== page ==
No Worries, Finally
My mother taught me a lot of things–how to cook, clean, and sew as well as how to be a decent person in this world. Being the only girl, I always knew I had a place in the family. Being the oldest, I always knew I had to be the responsible one. So, I was. Confident and responsible.
My mother also taught me a few things that I had to unlearn. Like how to get my ego needs met by taking care of other people. This became a destructive tendency for me, but I was lucky enough to get it under control in my late 20’s. My mother never learned how to stop being the compulsive care-giver. It was as if she thought that was how she could get into heaven. She opened her home to anyone in the family who needed it. She cared for her friends at church and in her divorce care group. She would always listen to other people’s problems, and she always had some advice, appreciated or not. She knew that she knew how to help and could not help herself when someone else needed help. As I said earlier, she lost herself in all that caring.
Another lesson to be unlearned, still in progress–living in the past and the future. She had the twin curses of guilt and worry in abundance. I now know that guilt is about the past and worry is about the future. What about now? This is something I work on constantly, but a little progress makes a big difference in how you live your life. I refuse to ruminate on the past. I try to learn my lessons and move on. Concern for the future is my unwelcome inheritance from her. I don’t worry so much now but I do plan and dream, and I like to know what’s coming. But that’s me…I’m still here, and I still have an opportunity to grow and learn.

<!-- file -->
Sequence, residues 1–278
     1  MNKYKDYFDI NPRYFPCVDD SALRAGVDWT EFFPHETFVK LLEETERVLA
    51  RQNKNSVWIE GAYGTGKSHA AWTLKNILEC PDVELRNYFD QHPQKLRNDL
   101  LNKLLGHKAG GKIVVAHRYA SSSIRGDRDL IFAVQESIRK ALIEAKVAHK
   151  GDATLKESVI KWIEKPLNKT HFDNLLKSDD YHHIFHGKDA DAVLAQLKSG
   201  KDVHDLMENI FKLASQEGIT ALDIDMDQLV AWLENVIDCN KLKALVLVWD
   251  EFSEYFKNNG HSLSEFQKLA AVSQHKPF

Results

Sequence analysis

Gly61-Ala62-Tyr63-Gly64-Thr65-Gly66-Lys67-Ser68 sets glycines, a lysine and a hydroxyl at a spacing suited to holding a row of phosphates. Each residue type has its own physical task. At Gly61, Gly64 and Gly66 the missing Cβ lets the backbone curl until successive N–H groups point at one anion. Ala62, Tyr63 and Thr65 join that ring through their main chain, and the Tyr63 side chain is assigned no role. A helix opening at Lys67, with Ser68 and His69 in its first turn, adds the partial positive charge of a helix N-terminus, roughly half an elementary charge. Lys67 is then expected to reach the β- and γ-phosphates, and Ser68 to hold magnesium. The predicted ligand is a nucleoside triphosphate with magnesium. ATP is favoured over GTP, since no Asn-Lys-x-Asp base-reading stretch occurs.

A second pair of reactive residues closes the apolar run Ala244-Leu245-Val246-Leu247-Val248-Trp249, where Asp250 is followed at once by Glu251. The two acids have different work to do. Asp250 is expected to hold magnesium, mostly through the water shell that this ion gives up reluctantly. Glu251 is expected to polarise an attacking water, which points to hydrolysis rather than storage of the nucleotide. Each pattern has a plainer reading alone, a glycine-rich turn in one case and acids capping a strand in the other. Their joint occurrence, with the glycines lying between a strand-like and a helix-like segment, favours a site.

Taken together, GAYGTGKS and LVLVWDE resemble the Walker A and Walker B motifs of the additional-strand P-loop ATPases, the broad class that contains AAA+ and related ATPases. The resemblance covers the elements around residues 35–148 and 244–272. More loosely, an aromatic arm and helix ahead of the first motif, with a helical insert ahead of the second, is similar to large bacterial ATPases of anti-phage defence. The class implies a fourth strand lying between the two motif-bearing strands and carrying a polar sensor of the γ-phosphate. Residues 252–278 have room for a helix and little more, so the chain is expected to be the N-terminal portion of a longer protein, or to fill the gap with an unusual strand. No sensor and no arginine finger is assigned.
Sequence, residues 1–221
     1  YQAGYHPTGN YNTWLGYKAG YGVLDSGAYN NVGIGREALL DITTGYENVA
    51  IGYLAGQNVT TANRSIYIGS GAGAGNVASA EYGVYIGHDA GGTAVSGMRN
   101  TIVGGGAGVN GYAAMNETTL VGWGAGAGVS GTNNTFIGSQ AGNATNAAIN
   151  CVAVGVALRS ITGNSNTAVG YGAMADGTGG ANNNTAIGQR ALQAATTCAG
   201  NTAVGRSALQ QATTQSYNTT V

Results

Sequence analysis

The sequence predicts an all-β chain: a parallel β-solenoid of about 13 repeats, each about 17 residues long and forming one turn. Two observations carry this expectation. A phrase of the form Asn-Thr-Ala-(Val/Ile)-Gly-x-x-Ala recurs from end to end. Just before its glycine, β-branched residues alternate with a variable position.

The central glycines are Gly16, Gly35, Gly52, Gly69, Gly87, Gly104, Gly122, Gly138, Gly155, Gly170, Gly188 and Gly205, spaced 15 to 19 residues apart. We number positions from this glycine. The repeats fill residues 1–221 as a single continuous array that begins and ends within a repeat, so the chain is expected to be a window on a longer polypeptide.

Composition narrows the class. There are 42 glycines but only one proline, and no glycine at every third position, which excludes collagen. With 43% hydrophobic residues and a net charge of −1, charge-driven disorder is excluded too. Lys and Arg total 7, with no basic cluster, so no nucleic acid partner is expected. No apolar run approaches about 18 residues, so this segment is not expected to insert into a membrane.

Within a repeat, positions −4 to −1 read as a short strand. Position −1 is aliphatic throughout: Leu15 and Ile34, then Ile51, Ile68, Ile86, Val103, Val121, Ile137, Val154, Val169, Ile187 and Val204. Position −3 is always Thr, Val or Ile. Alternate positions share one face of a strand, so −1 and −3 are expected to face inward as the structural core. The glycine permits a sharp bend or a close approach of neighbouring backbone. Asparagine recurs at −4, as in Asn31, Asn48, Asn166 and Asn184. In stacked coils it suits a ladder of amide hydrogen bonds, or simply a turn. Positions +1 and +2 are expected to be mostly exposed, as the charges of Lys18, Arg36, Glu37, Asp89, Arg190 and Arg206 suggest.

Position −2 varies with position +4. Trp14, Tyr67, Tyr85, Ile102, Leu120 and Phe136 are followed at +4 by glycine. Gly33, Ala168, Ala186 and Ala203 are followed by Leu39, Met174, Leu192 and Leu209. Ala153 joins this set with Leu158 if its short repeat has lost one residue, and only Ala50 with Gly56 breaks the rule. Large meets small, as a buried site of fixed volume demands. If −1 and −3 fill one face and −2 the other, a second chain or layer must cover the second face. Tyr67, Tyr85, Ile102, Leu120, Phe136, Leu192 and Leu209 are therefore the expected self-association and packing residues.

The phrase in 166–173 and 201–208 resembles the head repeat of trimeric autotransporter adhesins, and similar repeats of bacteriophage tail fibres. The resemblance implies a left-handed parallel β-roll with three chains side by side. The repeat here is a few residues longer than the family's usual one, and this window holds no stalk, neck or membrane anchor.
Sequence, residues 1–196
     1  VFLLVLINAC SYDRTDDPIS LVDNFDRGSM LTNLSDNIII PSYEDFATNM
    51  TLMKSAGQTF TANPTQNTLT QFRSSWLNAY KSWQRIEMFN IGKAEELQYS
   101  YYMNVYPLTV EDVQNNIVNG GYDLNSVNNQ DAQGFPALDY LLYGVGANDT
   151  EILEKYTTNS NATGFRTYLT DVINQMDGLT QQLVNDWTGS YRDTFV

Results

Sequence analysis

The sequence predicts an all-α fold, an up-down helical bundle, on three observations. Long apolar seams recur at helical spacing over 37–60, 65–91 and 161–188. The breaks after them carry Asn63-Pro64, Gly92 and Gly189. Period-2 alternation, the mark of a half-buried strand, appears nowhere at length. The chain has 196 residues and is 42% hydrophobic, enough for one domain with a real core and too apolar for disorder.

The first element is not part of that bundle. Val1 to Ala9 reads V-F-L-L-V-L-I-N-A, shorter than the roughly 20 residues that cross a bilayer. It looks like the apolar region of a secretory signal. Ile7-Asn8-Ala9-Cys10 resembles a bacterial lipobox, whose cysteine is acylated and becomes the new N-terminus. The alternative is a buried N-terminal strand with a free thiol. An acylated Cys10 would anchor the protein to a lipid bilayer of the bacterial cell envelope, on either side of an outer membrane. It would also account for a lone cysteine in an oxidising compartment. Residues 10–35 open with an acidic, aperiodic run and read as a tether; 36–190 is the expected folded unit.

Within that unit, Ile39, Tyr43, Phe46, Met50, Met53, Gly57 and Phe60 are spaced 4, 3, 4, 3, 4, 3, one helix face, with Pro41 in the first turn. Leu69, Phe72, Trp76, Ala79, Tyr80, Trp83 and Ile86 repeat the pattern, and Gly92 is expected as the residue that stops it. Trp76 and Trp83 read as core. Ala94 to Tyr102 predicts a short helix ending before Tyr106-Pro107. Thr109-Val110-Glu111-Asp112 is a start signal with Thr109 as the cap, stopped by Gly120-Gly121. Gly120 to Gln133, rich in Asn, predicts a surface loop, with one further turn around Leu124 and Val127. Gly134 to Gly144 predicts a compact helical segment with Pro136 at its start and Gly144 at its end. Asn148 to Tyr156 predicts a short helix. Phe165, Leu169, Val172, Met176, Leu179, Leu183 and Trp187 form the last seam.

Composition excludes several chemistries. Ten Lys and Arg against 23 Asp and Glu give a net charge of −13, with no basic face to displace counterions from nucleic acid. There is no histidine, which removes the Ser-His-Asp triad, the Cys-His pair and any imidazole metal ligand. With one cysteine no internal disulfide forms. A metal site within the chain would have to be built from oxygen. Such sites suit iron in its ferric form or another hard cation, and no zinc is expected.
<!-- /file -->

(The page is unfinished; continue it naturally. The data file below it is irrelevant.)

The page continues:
My mother seemed to have an actual “worry gene,” which she inherited from her mother and grandmother, and who knows how many others before her. As far back as I can remember, fear dominated my mother’s life. She could not turn it off. She worried about everything, even when she learned the Serenity Prayer, she never figured out that “wisdom to know the difference” part.
One of the first things we did when she was no longer aware was to disarm the alarm to the front door. She would have had a moat around the house, complete with crocodiles and a draw bridge if that sort of thing was possible. Instead she got an alarm system which we all understood but still complained about. She had barricaded herself inside her cluttered home with tv’s blaring in every room, computer always on, Facebook always notifying her that someone had posted yet another doom and gloom scenario. She could have used some therapy, but the opportunity never presented itself gracefully. So she suffered.
Wait. Where are we going?
I’ve taken a side road from attachment to this topic because I think it is related in a convoluted way. Fear is an attachment to safety and security. It is an assumption that things are predictable, that nothing changes unless you want it to. Nothing could be farther from the truth. Change is inevitable. Everything, every person, changes. It’s the nature of…nature. Without change we would shrivel up and die. The only thing constant is change. I think she might have told me that when I was young. All those alarms, all that clutter, all the noise from the television, that was there to keep her safe, free from danger, free from change. It didn’t work. Her resistance to change created profound suffering, for her and for us.
A couple days after she passed, my daughter and I went to the beach and made an “altar” for her. “No Worries,” was written in the sand, surrounded by seaweed and shells, and was eventually washed away. I hope she saw it and understood.
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